How To Effectively Deal With Aggression In Children

By in Parenting on 19 March 2009

There will always come a time when parents will encounter challenges in raising a child. A child may go through a phase when he may have difficulty coping with certain things. A young child may respond with anger or aggressive acts if he feels sad, frustrated, tired, hungry or even sleepy. While adults don’t normally do this, a child may manifest aggression as a means of coping with the stress that he is feeling. Children may show aggressive acts like hitting, kicking, yelling, or even behavior that can destroy things.

For parents, this type of behavior can naturally catch them off guard. Since parents may find it difficult to understand why a child can resort to aggressive acts, it may then be good to begin by recognizing that anger is a common emotion. To add to that, there are times when anger can also be healthy, especially when it is properly expressed.

In trying to manage your child’s aggression, you should first determine whether there are factors causing it in your home. Is there anyone in the family acting the same way? Is your family currently going through a difficult situation? Even though kids may still be engrossed in a world of play, they can easily pick up the emotions from their environment or from the people they care about. By knowing what’s causing his aggressive behavior, you can also take steps to prevent it from occurring.

It may also be good to determine any triggering factors causing the aggression. Find out whether his angry outbursts occur before a meal, or when it’s almost time for a nap. Is the aggression triggered by a sudden change in his routine? Getting to know the root of the problem can help you better deal with his aggressive behavior.

If you can identify your child’s aggression triggers, you can work on perhaps modifying his schedule to reduce frustration, or to better plan out his schedule to prevent over fatigue. Some children also need to feel in control over their situation, and it may help if you can provide choices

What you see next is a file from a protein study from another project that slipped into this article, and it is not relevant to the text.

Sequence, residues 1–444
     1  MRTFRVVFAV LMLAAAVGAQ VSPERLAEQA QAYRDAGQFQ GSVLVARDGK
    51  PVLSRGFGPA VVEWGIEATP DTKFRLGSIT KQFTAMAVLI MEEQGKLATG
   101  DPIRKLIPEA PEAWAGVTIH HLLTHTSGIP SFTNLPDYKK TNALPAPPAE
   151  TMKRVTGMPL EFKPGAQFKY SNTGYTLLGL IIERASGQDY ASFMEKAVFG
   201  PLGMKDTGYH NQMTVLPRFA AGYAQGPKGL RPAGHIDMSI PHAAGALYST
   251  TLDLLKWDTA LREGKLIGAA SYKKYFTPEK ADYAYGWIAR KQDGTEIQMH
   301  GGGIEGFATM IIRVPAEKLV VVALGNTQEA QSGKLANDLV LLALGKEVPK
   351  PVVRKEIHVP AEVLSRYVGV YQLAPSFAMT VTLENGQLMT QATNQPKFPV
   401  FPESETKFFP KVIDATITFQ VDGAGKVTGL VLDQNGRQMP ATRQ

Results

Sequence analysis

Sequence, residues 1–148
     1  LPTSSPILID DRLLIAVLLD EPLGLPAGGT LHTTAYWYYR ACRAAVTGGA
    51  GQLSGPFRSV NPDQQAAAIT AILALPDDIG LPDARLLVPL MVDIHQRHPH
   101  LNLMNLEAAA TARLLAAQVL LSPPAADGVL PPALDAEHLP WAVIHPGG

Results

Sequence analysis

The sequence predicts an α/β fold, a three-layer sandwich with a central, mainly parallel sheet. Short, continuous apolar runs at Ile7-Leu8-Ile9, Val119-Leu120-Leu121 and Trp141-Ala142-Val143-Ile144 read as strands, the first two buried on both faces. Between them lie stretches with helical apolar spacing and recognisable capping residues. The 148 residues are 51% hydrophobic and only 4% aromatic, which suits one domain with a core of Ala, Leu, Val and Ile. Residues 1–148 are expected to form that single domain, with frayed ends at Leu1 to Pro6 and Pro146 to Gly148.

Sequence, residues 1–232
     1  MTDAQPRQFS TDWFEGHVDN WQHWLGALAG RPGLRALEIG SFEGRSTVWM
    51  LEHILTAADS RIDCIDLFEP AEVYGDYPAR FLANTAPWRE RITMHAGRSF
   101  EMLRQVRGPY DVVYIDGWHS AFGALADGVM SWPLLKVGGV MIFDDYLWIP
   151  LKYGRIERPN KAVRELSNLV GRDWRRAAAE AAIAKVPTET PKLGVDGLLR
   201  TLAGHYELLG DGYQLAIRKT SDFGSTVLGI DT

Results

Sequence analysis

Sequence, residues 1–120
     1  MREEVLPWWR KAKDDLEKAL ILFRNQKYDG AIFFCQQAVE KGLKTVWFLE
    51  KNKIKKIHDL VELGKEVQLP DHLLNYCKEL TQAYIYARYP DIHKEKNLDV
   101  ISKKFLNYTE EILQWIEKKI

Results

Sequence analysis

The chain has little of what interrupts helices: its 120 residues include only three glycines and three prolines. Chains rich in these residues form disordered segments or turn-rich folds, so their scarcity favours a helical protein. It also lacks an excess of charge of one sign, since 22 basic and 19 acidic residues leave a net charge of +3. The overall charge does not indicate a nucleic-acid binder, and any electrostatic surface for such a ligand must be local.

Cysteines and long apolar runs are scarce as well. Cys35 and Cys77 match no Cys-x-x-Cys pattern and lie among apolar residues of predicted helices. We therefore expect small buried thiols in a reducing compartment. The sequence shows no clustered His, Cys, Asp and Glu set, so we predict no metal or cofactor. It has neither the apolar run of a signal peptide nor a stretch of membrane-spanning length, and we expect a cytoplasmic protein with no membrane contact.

Since a child who resorts to aggression does not really know how to deal with certain emotions, parents should teach him how to appropriately express his feelings. Let your child know that it is normal to feel upset at times, but help him understand that there are certain limits that needs to be followed.

If your child becomes aggressive, try to deal with it as calmly as you could. If you can’t control your own temper, then you are not being a good role model to your child. Instead, acknowledge your child’s emotion and guide him on how he can express what he feels. Talk to your child why he is acting in such a way, and let him know that there are certain limits that should be followed. You can then encourage your child to come up with ideas, on how he can go about his problem. For children younger than three years old, parents may still have to help them solve their problem.

If your child is not being reasonable and continues with the aggressive behavior, it may be necessary to take your child out of a particular situation. You may utilize a time-out, and point out that it has to be done so he can cool off, and not as a punishment for his inappropriate behavior. You may also make use of dolls or puppets as a technique to explore your child’s feelings.

After the incident, it is important that you discuss with your child on how he can act differently, should a similar incident occur again. Apart from guiding your child’s inappropriate behavior, it is also essential that parents acknowledge a child’s positive behavior. Praise your child every time he behaves properly, and be very specific with the details of his positive behavior. Positive reinforcement can be a powerful tool in encouraging your child to keep on doing appropriate behavior.

It can be difficult for parents to look through the aggression, in order to effectively deal with a child. However, a child who resorts to aggression under certain circumstances needs the help of his parents. Like most things, it may take some time before your child can effectively deal with negative emotions, but with your love and guidance surely you can both surpass this challenging stage.

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